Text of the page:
Saying “Know your gun” probably sounds trite and like common knowledge to most of you reading this, but it’s a very important and scary subject. Instead of just spouting off why it’s important to know the weapon you are shooting, I’ll preface the reasons with a real story that happened to my wife and I at an outdoor range. It was freaking terrifying.
We had gone to a self-serve range in the local mountains one weekend while camping. By self-serve, I mean that you could just pull up and begin shooting whenever you wanted. There are no range masters or hosts at the range; it’s each man for himself, so to speak.
We had set up some paper targets and one of the steel spinning jobs, and were using pistols on a casual Saturday afternoon. We were the only ones there, which was a blessing on a weekend day, as those ranges can get quite busy.
A couple of hours into our shooting session, another vehicle pulled up and a group of adults exited. They spent some time preparing their firearms and yapping, and then they stepped up to shoot. Right next to us. This is bad form when there are only two others at the range, as you likely already know.
There were two men and two women, probably in their 50s. Nobody seemed to know a thing about the guns they were handling. I honestly wonder if it wasn’t their first time shooting at all, but I never did ask.
First up came a guy who said he had a 14-gauge shotgun (a 14 gauge!). Something went wrong and the shell didn’t load correctly, so he started fiddling with it and jerking things about. Well, it went off unexpectedly. Luckily, he had it pointed downrange and everyone had been wearing their ears.
My wife and I exchanged nervous glances and kept our eye on the group of shooters.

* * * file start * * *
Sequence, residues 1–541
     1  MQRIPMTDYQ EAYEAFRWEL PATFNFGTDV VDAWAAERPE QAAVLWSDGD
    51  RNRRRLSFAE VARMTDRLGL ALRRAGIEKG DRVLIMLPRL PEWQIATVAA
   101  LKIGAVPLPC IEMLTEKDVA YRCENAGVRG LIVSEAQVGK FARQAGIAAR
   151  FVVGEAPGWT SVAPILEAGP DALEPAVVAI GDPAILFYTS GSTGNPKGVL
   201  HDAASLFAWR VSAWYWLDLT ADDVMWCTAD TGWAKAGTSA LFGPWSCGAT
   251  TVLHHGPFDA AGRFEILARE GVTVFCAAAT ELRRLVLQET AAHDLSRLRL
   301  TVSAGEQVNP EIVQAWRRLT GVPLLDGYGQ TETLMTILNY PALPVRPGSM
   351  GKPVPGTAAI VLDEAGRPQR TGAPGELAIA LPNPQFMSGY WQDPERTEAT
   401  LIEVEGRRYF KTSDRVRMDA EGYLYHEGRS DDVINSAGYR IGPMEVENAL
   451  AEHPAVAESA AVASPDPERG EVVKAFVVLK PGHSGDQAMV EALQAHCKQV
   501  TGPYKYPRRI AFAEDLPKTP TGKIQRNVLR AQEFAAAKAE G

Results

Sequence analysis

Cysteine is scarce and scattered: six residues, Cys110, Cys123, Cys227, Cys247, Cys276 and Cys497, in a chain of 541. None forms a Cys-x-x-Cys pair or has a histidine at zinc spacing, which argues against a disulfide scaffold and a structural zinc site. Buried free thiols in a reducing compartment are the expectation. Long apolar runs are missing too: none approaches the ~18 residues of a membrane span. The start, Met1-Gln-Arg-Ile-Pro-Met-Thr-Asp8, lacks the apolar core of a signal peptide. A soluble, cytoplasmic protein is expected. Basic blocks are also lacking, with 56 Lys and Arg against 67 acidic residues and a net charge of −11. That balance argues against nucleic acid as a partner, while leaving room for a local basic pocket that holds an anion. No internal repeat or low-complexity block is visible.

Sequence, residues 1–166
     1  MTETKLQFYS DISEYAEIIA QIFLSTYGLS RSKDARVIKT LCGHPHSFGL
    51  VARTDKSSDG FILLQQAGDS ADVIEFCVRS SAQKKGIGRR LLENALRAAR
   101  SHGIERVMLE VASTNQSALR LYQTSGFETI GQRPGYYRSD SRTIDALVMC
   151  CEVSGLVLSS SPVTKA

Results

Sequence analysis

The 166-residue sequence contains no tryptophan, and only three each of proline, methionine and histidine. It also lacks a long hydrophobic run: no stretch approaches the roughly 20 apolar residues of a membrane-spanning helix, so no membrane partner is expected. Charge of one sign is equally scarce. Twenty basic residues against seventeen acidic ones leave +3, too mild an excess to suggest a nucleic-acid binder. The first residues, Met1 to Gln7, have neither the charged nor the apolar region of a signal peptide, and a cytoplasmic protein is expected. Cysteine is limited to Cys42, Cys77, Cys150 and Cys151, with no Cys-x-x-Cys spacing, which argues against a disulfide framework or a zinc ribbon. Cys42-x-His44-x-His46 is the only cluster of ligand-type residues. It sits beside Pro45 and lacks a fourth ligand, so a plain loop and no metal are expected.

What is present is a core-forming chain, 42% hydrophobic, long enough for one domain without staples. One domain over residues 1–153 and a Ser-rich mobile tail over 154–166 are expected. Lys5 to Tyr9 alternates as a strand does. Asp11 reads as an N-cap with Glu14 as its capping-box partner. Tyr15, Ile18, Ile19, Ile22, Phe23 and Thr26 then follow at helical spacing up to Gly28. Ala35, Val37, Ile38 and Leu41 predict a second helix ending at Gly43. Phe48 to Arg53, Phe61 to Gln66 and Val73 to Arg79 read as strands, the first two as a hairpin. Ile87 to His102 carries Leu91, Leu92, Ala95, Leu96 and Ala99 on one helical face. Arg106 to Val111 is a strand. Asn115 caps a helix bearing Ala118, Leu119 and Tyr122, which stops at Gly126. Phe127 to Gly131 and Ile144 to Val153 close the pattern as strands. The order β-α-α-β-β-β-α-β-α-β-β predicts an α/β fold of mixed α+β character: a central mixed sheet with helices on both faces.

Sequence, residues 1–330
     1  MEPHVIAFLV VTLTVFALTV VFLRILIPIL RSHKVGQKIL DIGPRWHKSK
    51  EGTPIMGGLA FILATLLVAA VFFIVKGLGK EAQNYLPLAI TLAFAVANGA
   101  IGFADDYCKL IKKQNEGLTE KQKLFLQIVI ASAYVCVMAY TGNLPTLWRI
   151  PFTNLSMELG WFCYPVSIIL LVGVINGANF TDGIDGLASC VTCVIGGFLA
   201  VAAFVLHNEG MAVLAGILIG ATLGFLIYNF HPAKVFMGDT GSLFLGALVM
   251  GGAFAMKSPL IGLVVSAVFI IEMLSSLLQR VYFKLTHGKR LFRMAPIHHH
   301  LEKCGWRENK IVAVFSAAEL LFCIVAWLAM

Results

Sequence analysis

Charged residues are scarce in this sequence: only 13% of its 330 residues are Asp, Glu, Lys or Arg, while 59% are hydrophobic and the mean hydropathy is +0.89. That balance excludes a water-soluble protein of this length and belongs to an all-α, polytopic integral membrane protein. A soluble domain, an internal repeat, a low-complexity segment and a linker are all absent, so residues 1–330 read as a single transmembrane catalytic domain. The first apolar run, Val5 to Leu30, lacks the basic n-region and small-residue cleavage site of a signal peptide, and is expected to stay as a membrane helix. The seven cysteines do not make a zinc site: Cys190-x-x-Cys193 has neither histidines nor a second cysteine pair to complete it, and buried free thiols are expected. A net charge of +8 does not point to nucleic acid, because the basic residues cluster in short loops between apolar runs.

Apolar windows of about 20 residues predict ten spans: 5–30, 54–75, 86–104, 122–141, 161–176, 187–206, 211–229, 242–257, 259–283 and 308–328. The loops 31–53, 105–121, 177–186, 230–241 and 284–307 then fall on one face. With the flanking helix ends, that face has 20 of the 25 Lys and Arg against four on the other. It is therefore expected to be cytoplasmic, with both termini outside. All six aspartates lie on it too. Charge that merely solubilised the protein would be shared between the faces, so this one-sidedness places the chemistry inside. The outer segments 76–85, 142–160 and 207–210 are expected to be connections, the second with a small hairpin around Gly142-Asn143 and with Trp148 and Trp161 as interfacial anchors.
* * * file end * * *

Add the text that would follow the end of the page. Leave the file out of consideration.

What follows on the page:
Next up was a lady with a pistol. She received a four-second instruction session from one of the men, who then stepped back and watched her aim. She kept pulling the trigger but nothing happened. As it turns out the safety was on.
This lady didn’t have a clue what she was doing, and nobody was helping her.
After her six finally left the muzzle, the second guy, who was using a revolver of some sort, began firing. At our targets. Now, I shouldn’t have to mention that not only is that rude, it’s dangerous as hell. Folks, if you go shooting somewhere like that, bring targets. Never, ever cross into someone else’s firing line, for any reason.
We immediately packed our stuff up and left without saying a word. We probably could have waited them out, because I didn’t think they were staying too long, but we felt more than a litte unsafe; it wasn’t worth the risk to stick around.
I got to thinking about that incident the other day, and figured it would make a great introduction to a general know your weapon write up. The following are things that should be rudimentary but apparently are not, at least to some people.
Ask questions! — Trust me, looking a little green for a second is well worth the mild embarrassment when it comes to shooting. We aren’t at the bowling alley, we are using firearms; if you don’t know something, please ask someone. Nobody will mind teaching you things that will keep everyone safer. You can bet on that.